In no way does Barely Lethal work. It is a failure on every level, an insult to the intelligence of anyone who’d see it. Mere minutes into the runtime, the inconsistencies, inadequacies, and imbecilities began piling up. It is completely devoid of interest, which hurts all the more because its concept is marginally clever and has the right cast to make it work. It’s a mashup between a high school comedy and a spy movie, with young people Hailee Steinfeld (True Grit), Sophie Turner (Game of Thrones), Dove Cameron (Liv and Maddie), and adults including Samuel L. Jackson, Jessica Alba, and Rachael Harris. Doesn’t that sound like a fun time? You can imagine how it could be sold. It’s Mean Girls meets Kingsman! It’s Spy Kids meets The Guest! If only.
The plot concerns a secret school for orphan girls where they’re trained as spies and sent on missions. It’s a skimpily populated program, seemingly run out of an empty warehouse. And how many operations do we see? Well, one girl steals a briefcase. Later, they catch a villain by flying overhead and lassoing her. That’s it. The expectations are apparently so strenuous, though, our lead (Steinfeld) fakes her own death and enrolls in high school as a foreign exchange student. She binge-watches classic teen comedies to prep, so obviously she makes wacky mistakes! Whoopsy-daisy. It’s also a mistake to show us clips from Clueless and the like right at the top, knowing how terrible the next 80 minutes will be. It reminds us of better options.
Anyway, the young woman discovers high school stress is totally hard, what with weird teachers, awkward flirting, and petty jealousies. (Nothing you haven't seen in high school comedies before.) The movie’s one funny observation is that secret agent business is easier than 12th grade. Alas, first-time feature screenwriter John D’Arco and director Kyle Newman (of Taylor Swift’s “Style” video) develop their concept in the most routine way possible, with some low-rent farce, then a few horribly shot, awkwardly edited, phony baloney action beats. The girl’s employer (Jackson, seemingly the only person running the organization) soon discovers her whereabouts. Then, there’s a perfunctory showdown with the villain, who Alba plays like a bored soccer mom in what’s probably the funniest and most consistent performance in the ensemble. She gets that this whole thing is dumb with a capital Duh. Everyone else is as bored as I was. Jackson gives the most lifeless line readings of his career. He could’ve been shooting his scenes on an idle corner of Avengers green screen during lunch breaks.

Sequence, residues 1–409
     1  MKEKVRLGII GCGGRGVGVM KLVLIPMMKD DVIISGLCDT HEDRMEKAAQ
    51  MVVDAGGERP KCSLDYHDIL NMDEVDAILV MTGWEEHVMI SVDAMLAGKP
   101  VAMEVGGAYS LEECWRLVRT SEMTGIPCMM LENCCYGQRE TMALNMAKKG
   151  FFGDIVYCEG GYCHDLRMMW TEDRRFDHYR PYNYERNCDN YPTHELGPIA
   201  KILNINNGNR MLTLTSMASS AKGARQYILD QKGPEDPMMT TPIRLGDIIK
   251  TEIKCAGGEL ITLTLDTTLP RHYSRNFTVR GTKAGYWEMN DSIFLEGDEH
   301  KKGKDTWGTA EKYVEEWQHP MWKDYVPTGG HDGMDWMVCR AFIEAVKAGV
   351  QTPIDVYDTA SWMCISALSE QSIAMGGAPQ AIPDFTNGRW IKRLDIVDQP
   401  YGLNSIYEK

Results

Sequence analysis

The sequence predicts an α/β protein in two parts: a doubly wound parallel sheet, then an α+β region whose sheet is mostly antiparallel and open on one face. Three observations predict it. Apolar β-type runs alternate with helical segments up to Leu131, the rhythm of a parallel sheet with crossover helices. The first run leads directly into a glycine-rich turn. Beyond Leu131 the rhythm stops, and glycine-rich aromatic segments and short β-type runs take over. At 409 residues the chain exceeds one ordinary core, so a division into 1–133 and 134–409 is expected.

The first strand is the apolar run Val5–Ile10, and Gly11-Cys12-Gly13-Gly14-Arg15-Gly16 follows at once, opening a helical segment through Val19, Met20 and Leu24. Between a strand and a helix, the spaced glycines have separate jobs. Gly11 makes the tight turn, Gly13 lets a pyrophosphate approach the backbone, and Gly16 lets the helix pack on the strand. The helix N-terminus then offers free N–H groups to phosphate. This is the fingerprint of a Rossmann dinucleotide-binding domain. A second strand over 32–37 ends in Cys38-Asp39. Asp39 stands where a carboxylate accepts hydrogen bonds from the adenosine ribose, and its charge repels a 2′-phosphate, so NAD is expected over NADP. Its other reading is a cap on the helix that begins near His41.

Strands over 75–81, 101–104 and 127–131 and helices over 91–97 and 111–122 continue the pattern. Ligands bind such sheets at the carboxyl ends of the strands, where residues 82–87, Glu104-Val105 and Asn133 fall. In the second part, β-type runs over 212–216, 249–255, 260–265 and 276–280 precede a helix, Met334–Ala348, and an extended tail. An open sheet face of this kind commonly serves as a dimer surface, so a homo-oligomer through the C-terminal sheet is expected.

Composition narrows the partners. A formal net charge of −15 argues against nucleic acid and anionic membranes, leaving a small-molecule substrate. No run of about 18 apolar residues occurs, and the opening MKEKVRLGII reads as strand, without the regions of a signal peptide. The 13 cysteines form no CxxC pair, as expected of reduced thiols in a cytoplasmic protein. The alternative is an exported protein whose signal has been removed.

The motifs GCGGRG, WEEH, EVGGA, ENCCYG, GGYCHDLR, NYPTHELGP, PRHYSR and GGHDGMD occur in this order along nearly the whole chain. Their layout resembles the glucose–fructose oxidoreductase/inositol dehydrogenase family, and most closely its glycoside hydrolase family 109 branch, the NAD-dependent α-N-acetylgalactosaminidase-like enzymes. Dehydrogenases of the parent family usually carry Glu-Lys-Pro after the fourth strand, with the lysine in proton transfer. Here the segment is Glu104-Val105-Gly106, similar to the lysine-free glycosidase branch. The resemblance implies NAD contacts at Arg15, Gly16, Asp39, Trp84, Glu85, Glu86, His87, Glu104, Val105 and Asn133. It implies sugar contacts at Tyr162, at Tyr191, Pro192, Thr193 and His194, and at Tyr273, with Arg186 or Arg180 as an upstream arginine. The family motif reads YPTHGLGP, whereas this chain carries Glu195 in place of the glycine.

Forced frivolity abounds in sequences indifferently dumped onto the screen. The kids are enthusiastic enough, but given such mealy mush to speak it’s a wonder they got through a single take without gargling. The writing is overeager straining comedy. It’s a blur of lines tilting towards self-conscious references and over-articulated dirtiness. It's grating. Late in the movie, one girl brags about her figure saying, “It’s P90X, bitch!” To which her rival replies, “More like P90X-tra large, bitch!” First of all, it’s not funny. Second of all, it’s inaccurate. Third of all, it’s repetitive. And why can’t even a terrible movie like this one take its great, potentially clever, concept and run with it instead of devolving into pathetically limp body-shaming snark? Yeesh.
Oh, this is so incompetent. Nothing works. Nothing hangs together. It lacks a coherent point of view, or even narrative momentum. It’s a weak jumble of overlit, lazily blocked, haphazardly cut scenes. There’s no pulse, no imagination, no joy. Best-case scenario, this was a bigger picture scaled down to fit a tiny budget. Too bad that only revealed the lack of ingenuity and creativity all the more. There aren’t thousands of extras or slick CGI, or even good old resourcefulness, to mask its bankrupt nature. I cringed with second-hand embarrassment for a talented cast paid to work on a project so far beneath them I hoped they didn’t get vertigo.